Despite low unemployment rates, the job market in the Lehigh Valley is always competitive and employers will be considering multiple candidates when hiring. If you’ve done your research, remember your manners and pay attention to the common sense details, you will absolutely have a leg up on the competition. Rest assured, we’ve seen enough people stumble to know what gets you noticed in a positive way.
Good luck with your search, and be sure to check out Allied’s available jobs regularly.
You have likely heard about “soft skills” before. But what are they? Sometimes referred to as “21st-century skills,” “interpersonal skills,” or “applied skills,” they are the skills that are non-technical or specific to a certain job. They are the skills that help you think, communicate with people, and reflect on your experiences. Basically, your young adult needs them to thrive in the workforce. Career coach Jane Horowitz says the basis of her coaching practice is “hire for attitude, train for skills,” and she sees will and drive as being the greatest determinants of young adults getting hired.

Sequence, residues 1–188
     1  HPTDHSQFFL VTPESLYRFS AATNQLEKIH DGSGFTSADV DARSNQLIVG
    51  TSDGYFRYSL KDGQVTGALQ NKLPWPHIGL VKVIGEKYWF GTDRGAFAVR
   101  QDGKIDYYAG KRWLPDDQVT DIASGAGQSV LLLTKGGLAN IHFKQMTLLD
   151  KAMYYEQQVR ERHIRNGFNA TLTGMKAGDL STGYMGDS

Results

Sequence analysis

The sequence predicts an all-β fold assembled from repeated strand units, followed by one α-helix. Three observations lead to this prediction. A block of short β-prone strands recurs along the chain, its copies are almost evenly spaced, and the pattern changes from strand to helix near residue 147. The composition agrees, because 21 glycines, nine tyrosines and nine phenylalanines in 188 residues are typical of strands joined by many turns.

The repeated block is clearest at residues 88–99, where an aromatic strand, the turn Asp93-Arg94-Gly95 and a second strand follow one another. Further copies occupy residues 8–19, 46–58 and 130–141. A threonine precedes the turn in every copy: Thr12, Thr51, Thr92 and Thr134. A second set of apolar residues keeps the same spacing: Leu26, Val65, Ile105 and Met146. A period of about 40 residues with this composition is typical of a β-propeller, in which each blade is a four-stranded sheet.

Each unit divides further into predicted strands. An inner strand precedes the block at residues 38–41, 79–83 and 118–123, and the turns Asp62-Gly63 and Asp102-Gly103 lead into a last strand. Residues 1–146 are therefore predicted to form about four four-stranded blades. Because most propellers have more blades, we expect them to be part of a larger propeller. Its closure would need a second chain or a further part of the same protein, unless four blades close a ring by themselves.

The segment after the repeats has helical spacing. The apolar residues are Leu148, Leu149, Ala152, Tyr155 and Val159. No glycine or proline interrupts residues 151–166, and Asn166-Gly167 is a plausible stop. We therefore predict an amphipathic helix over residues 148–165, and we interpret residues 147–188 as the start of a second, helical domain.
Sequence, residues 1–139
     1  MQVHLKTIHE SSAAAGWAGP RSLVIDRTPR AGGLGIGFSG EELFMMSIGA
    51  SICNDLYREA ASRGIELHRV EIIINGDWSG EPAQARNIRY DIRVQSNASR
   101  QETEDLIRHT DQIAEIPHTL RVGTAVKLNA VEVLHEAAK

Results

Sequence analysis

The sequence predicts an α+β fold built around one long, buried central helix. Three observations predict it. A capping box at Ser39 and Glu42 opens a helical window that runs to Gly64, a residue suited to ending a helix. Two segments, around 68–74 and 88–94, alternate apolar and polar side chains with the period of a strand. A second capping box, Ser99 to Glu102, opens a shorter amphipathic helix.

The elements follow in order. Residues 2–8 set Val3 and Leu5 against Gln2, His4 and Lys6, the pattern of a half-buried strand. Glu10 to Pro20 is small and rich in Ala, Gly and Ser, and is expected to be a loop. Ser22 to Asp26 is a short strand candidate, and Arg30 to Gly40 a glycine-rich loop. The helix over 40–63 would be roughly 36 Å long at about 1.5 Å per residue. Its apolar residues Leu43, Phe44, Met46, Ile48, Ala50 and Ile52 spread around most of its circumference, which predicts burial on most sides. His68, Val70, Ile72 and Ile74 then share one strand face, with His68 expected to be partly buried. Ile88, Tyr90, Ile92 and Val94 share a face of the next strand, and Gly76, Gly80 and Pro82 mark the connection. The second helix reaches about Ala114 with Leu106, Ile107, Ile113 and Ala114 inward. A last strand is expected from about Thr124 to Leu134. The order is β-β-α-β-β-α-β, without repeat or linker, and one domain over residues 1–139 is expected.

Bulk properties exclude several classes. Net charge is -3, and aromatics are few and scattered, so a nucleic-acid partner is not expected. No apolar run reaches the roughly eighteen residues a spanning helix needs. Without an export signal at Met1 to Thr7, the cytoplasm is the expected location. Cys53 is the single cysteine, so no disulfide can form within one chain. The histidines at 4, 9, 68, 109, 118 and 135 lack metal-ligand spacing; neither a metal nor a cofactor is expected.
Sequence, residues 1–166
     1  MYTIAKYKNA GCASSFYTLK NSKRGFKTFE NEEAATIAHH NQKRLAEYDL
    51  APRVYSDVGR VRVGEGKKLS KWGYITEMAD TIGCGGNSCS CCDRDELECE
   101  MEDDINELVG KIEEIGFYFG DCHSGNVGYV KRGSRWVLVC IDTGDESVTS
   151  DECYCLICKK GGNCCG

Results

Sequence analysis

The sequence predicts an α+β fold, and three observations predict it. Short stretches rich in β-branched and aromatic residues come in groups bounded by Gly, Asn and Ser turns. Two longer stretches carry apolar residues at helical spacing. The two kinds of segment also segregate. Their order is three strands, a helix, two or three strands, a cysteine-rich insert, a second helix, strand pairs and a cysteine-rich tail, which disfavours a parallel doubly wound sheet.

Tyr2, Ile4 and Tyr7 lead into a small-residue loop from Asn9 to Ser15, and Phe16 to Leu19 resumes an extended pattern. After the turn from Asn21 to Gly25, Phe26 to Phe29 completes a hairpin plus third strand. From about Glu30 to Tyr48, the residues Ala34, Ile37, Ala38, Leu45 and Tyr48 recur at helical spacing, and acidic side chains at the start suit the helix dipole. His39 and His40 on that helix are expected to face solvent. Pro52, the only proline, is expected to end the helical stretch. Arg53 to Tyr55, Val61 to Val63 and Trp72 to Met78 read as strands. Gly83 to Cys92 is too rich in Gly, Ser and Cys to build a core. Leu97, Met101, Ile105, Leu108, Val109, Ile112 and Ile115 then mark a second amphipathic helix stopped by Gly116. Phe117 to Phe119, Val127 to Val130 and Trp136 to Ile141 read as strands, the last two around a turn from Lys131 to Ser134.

“We hear it time and time again, it’s the soft skills,” says Terri Tchorzynski, 2017 National School Counselor of the Year. “That’s what allows you to keep the job. Employers can hire our students and train them, but if they don’t have the soft skills, it’s really hard for them to stay employed.”